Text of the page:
What did a Greek doctor like Galen know about ancient Arabia, and how did this affect his practice? While the debt of Islamic physicians to Galen is often put forward, representations of the East in his works are scarcely investigated. Yet in his lifelong quest for “the real stuff” of drugs in a world where fraud was rife, Galen used a remarkable range of Eastern substances, some fairly rare and used only as medication.

The history of pre-Islamic Arabia and the surrounding countries is best known through ancient Greek and Latin sources. Texts by the likes of Pliny the Elder, Strabo and the anonymous Periplus maris Erythraei (narrating a journey over the Red Sea and beyond) give us a wealth of details about trade routes, exotic products and distant kingdoms from the outer edges of the earth as it was then perceived. Nowadays, archaeological research has supplemented this wealth of ancient accounts with new evidence. It is now clear that the Romans had access to deep-seated  resources as far as India and possibly even further, even though the business of bringing them over to the Mediterranean was the privilege of a few well-connected merchants and tribes. Well-travelled people of the time would not go much further than the Syrian coast and the Orontes valley. For the rest, they would rely on others’ accounts and trade.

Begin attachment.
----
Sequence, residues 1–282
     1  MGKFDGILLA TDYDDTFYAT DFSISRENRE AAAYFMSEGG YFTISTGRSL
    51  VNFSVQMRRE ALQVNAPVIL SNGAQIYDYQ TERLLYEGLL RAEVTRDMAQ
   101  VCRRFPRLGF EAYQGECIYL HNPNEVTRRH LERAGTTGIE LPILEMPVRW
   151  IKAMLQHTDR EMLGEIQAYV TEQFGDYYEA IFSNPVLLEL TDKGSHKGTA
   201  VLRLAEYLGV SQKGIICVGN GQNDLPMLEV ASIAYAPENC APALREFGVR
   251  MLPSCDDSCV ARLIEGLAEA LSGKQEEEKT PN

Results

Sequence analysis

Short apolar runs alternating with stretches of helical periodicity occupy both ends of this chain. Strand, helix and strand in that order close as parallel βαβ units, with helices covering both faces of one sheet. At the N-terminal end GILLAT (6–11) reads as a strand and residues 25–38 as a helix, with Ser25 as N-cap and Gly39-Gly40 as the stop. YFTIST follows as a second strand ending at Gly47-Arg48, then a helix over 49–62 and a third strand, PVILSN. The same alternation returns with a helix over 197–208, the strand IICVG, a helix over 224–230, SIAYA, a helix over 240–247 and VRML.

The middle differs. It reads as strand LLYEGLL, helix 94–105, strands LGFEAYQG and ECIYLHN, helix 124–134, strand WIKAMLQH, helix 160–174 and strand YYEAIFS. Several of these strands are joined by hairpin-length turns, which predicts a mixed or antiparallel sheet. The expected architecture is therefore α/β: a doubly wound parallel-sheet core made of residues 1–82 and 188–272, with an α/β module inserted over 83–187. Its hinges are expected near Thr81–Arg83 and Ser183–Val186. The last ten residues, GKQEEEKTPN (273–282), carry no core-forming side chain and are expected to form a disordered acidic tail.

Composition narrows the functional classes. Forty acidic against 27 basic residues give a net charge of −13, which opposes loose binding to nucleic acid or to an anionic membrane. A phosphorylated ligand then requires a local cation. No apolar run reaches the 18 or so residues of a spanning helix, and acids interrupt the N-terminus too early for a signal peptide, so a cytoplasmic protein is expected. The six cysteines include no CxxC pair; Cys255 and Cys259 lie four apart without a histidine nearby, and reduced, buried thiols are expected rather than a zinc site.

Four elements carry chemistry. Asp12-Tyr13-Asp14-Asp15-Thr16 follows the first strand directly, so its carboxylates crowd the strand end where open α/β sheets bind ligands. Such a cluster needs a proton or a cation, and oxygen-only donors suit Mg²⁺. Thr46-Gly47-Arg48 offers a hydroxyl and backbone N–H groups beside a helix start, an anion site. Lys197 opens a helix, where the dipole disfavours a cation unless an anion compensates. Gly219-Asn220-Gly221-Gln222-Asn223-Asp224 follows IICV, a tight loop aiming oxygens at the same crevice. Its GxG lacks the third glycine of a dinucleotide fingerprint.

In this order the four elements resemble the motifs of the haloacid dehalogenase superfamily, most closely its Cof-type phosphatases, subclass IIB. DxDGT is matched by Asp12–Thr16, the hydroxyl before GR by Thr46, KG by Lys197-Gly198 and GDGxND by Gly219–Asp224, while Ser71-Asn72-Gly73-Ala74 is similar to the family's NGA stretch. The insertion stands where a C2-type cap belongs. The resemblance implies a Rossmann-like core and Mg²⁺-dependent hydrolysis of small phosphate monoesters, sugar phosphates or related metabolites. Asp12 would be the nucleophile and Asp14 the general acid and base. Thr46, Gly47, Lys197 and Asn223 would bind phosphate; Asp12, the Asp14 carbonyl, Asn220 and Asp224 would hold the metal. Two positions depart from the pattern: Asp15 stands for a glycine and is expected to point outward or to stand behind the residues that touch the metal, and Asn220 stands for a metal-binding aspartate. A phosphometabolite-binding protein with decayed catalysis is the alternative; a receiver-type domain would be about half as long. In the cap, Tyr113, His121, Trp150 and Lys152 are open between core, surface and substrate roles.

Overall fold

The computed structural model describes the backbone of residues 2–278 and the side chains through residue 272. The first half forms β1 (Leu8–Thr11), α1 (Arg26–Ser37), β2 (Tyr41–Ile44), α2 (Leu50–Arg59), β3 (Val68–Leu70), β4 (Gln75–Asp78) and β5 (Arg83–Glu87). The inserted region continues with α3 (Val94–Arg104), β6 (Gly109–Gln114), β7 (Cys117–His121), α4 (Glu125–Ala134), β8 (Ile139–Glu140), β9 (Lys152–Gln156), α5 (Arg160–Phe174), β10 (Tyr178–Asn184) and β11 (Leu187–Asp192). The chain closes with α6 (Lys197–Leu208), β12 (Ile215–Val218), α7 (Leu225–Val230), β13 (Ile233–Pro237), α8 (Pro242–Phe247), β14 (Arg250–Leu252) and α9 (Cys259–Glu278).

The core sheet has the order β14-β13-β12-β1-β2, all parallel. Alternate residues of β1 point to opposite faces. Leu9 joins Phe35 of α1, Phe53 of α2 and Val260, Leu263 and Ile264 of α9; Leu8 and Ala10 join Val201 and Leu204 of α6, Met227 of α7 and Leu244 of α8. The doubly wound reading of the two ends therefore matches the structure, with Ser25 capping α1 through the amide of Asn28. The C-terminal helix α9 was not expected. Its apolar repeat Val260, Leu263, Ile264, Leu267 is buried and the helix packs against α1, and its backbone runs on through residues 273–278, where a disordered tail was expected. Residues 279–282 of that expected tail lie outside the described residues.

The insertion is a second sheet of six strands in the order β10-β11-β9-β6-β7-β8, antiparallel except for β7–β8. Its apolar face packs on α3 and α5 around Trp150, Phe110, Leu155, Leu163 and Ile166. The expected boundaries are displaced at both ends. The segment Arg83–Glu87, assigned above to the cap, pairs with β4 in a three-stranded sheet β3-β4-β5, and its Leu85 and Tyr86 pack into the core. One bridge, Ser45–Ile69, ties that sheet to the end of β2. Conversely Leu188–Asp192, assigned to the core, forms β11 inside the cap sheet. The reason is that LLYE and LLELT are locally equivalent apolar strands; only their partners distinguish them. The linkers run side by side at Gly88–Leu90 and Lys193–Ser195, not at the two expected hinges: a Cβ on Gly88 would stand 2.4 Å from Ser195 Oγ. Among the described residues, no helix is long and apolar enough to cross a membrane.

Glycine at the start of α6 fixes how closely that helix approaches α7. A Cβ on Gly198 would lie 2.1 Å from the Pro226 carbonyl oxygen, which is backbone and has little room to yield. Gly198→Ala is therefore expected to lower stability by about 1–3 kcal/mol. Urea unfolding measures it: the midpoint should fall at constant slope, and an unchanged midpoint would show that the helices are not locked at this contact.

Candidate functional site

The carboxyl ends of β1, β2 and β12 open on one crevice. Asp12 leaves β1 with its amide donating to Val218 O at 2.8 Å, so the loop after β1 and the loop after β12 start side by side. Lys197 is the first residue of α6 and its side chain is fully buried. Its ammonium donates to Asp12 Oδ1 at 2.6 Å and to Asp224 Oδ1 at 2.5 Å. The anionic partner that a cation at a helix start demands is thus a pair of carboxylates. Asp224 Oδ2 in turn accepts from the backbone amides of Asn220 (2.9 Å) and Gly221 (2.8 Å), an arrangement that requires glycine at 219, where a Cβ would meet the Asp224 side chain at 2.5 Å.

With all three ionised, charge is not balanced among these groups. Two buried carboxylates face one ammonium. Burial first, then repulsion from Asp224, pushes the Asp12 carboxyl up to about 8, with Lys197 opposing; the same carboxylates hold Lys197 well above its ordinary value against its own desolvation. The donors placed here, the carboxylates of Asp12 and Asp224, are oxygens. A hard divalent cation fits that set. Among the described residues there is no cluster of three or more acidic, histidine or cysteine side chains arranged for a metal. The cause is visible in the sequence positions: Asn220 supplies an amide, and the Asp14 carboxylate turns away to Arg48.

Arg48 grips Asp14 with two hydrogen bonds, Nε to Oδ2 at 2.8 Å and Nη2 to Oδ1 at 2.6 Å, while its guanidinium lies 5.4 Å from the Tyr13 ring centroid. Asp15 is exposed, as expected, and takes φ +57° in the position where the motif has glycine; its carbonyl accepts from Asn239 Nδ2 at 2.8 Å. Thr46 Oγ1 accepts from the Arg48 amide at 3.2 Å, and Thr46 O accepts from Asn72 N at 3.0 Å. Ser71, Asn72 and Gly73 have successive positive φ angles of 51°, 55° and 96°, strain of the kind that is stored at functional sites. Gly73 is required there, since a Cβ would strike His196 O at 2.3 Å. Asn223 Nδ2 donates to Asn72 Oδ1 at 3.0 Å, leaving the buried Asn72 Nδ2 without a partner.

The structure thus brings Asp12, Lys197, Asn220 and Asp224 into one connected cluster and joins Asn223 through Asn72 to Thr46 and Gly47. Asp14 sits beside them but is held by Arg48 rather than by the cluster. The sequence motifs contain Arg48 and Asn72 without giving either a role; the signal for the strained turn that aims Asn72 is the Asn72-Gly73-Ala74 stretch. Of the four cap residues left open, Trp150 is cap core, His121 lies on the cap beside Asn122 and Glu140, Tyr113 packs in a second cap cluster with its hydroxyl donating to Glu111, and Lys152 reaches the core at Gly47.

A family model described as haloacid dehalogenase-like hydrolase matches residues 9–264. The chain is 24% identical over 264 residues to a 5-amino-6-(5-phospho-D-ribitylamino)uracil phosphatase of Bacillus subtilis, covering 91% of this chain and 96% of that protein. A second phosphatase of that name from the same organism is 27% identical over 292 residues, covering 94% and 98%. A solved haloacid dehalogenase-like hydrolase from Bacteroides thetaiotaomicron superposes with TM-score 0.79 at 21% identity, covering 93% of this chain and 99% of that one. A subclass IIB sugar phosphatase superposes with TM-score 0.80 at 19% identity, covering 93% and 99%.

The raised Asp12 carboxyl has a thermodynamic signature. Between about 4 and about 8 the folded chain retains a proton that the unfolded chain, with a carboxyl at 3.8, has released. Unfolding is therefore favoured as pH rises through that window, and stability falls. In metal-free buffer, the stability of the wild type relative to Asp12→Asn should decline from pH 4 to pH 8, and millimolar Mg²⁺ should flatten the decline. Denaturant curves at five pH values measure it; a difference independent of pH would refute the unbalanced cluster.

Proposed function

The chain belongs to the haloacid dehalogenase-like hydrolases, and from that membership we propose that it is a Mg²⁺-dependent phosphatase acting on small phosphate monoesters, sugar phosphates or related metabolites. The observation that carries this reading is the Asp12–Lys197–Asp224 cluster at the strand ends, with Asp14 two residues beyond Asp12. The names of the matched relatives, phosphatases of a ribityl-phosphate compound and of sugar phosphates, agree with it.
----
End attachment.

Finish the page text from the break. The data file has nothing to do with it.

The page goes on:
Hellenistic and Roman military and exploratory campaigns have led to a better connected world, where trade from all parts of the Roman Empire and beyond was made possible through a variety of land and sea routes. Medicine, too, benefited from expanded access to ideas and remedies. From Dioscorides to Galen only, the range of accessible remedies increased dramatically. Writing at the end of the second century AD about pharmacology, Galen is thus an interesting witness of the relationships between Rome and the Eastern regions of the world: his wealth and scientific drive put him in a unique position to investigate exotic pharmacopoeia. A keen observer of the natural world, Galen was also eager to use the best possible drugs known in his time. He thus embarked on a long journey to check out several famous drugs of the Mediterranean (such as the terra sigillata in Lemnos) and beyond, keen to debunk some myths circulating around them whilst stocking up on the most reliable stuff for his own purposes as a medical practitioner. In order to assess each product, he used all his senses (sight, taste, smell, …) in order to test them and also made the locals talk. At each stopover, he would buy the best products in enormous quantities, not for resale but for use over a doctor’s lifetime (Simpl. med. IX, 3 = K. XII, 216). While he was there, he was also able to investigate other interesting features of the relevant areas: Galen thus discusses at some length the properties of the Dead Sea water and salt (Simpl. med. IV, 20 = K. XI, 689-695). The extent of his collections is now better known thanks to the new testimony of his book On avoiding distress. Towards the end of his career, before the Great Fire of 192 AD destroyed much of his property, Galen was in possession of an exceptional stock of rare drugs from all over the world. Some were necessary to prepare sophisticated remedies (such as theriac for the emperors), although one may wonder how often he used his most expensive material.